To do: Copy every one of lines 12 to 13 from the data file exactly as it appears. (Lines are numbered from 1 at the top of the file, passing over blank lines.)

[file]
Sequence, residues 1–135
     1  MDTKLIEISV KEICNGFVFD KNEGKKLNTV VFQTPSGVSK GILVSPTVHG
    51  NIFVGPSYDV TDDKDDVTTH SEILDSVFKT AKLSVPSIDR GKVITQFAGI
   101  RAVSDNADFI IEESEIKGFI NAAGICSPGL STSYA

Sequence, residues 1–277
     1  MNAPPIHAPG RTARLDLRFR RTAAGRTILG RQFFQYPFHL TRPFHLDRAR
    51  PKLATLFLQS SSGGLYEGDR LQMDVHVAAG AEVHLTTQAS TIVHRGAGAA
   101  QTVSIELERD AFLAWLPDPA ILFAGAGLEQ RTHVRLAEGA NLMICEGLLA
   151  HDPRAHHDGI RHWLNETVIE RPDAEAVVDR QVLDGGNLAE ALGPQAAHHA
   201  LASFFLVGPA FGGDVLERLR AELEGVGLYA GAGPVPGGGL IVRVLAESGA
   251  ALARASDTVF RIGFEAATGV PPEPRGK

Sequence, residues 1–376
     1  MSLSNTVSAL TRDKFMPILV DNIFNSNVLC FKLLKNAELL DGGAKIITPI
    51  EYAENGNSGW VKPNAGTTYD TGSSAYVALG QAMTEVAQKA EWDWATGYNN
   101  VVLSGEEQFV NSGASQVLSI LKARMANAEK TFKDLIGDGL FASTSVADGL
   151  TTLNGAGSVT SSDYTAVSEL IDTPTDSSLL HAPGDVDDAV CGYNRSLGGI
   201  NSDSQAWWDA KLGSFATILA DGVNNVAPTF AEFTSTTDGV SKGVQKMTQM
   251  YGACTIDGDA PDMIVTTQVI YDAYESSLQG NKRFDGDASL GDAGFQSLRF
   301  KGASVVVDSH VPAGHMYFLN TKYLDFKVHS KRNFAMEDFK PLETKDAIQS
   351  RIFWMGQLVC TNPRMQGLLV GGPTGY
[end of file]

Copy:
Sequence, residues 1–376
     1  MSLSNTVSAL TRDKFMPILV DNIFNSNVLC FKLLKNAELL DGGAKIITPI